At one time women were denied the same beliefs we in the year 2004, take for granted in the United States of America. We all strive to live in a nation of religious freedoms. We have the ability to elect the government we support with taxes from monies we earn. We live free, with out the threat of enslavement. Over the past seventy years, significant social and legal changes have been accomplished regarding women. Women have come together to make changes through meetings, petition drives, lobbying, public speaking, and nonviolent resistance. They have worked to create a life that is full and fulfilling for women of all ages, everywhere.
The History of Women in America
In March of 1776, Abigail Adams, the wife of the United States second president John Adams, wrote one of her most famous letters to her husband, she insisted that in the constitution women have equal rights.
She wrote, "" Remember the Ladies... If particular care and attention is not paid to the ladies we are determined to foment a rebellion and will not hold ourselves bound by any laws in which we have no voice or representation." He did not listen to her. The women's movement ultimately began there.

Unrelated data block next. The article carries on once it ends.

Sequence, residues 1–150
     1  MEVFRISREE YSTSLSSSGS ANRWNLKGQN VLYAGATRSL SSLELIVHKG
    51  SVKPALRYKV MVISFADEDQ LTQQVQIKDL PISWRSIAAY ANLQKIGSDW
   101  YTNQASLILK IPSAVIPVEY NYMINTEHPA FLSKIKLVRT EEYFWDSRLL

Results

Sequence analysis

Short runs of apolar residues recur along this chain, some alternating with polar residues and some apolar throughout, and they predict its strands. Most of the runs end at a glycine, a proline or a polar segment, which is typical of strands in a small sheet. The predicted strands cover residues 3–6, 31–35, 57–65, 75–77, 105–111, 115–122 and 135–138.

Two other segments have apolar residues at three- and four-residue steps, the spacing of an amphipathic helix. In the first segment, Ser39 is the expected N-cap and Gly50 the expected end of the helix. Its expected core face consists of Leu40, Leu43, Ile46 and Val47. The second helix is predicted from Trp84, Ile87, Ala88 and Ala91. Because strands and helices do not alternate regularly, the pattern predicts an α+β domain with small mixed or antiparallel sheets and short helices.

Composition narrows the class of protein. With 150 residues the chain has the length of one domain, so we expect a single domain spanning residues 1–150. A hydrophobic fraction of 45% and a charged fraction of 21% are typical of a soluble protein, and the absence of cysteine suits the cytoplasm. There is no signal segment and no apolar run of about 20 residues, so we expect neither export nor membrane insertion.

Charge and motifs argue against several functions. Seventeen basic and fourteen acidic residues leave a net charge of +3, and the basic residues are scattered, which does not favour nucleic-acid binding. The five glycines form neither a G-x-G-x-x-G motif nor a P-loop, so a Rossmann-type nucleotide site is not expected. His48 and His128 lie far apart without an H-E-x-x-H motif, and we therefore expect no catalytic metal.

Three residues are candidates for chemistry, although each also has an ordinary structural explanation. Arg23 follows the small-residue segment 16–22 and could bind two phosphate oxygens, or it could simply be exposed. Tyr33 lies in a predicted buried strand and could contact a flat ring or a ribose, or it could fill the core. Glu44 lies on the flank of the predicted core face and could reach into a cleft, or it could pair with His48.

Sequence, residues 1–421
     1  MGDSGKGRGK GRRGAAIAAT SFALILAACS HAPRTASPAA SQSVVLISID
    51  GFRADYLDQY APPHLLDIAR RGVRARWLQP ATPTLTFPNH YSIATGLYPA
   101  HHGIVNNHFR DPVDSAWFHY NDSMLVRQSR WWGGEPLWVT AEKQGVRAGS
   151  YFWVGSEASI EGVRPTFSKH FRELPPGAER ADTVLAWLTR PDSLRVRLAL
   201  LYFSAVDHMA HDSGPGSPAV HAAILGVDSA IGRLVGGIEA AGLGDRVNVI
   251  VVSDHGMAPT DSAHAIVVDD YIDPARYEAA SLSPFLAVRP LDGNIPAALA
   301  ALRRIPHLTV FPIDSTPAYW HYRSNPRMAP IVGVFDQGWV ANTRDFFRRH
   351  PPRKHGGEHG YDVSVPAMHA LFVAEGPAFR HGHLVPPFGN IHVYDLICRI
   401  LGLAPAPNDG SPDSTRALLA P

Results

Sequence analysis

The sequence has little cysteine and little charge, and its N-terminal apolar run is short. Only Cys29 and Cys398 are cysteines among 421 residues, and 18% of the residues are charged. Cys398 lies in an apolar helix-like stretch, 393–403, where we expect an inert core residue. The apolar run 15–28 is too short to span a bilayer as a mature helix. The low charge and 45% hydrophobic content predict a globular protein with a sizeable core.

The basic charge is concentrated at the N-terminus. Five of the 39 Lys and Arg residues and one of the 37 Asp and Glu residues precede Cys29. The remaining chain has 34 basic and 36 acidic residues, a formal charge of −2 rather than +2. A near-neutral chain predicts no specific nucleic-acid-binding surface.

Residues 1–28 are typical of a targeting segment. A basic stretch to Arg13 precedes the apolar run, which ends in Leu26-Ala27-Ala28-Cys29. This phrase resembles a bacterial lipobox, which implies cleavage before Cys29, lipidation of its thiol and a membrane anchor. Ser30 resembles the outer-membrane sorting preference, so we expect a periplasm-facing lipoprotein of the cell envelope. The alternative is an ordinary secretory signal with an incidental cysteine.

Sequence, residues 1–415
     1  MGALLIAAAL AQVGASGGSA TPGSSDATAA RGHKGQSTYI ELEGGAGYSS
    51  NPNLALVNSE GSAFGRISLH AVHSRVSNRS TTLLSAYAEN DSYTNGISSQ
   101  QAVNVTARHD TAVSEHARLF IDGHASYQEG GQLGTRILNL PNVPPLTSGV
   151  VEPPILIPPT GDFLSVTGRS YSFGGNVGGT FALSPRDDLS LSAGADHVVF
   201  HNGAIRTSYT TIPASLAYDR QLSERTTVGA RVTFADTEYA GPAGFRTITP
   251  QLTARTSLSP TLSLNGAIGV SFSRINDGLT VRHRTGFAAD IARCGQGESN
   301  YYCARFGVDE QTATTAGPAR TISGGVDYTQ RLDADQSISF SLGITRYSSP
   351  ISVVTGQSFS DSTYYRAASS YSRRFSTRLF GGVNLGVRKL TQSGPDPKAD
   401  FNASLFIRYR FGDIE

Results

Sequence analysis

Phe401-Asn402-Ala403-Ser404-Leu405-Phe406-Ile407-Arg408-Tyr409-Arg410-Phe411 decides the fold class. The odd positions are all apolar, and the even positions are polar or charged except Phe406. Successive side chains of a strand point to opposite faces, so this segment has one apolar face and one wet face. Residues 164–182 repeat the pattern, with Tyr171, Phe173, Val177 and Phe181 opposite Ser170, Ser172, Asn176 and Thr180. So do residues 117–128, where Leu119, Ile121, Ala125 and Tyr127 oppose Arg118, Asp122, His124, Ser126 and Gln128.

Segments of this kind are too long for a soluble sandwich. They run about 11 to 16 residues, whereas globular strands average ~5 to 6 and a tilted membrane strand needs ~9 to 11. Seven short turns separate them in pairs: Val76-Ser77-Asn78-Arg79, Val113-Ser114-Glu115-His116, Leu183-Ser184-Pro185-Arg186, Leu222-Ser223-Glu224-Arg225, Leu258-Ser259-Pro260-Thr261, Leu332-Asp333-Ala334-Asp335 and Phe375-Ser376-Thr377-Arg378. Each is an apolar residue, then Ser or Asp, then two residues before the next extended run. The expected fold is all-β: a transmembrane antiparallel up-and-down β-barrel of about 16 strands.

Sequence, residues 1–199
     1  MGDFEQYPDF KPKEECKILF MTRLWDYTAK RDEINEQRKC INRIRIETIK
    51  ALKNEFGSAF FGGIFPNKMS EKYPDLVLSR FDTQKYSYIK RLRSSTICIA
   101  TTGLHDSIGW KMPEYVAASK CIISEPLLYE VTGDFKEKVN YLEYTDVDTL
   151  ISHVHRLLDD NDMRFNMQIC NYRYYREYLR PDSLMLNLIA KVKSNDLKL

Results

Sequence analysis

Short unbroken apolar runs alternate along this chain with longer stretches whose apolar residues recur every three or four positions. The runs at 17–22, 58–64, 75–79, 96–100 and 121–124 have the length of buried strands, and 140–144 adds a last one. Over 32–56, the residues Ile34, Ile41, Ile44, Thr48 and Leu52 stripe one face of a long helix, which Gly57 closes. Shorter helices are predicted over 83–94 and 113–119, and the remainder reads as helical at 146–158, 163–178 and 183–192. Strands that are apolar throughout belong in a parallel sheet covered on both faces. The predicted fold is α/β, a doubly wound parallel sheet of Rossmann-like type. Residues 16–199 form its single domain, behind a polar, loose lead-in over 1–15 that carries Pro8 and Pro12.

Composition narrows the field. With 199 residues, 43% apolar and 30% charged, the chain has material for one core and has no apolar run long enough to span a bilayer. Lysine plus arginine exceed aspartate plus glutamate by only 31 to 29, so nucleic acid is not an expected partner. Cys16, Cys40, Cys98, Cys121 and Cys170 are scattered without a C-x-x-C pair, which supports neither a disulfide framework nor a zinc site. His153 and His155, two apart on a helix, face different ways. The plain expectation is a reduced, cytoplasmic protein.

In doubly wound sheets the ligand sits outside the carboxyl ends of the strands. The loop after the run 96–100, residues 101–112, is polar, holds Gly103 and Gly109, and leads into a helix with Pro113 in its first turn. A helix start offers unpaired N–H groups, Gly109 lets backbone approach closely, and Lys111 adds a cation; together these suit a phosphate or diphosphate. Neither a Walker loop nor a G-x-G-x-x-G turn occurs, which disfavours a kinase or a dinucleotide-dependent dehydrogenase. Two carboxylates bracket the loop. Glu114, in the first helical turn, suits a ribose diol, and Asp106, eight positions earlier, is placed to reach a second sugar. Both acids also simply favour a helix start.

In the writing of the Constitution of the United States of America, women were not considered. In fact, they lost rights they had once had. Women were unable to vote, deprived of property rights, denied custody rights to their children, they were unable to sign legal documents, and were barred from testifying in court. Despite the Constitution's failure to grant legal rights to women or more to the point, because of it, an organized women's movement had appeared by the 1830's. (Cappon, Lester J., ed.)
Elizabeth Cady Stanton was an informed and politically astute...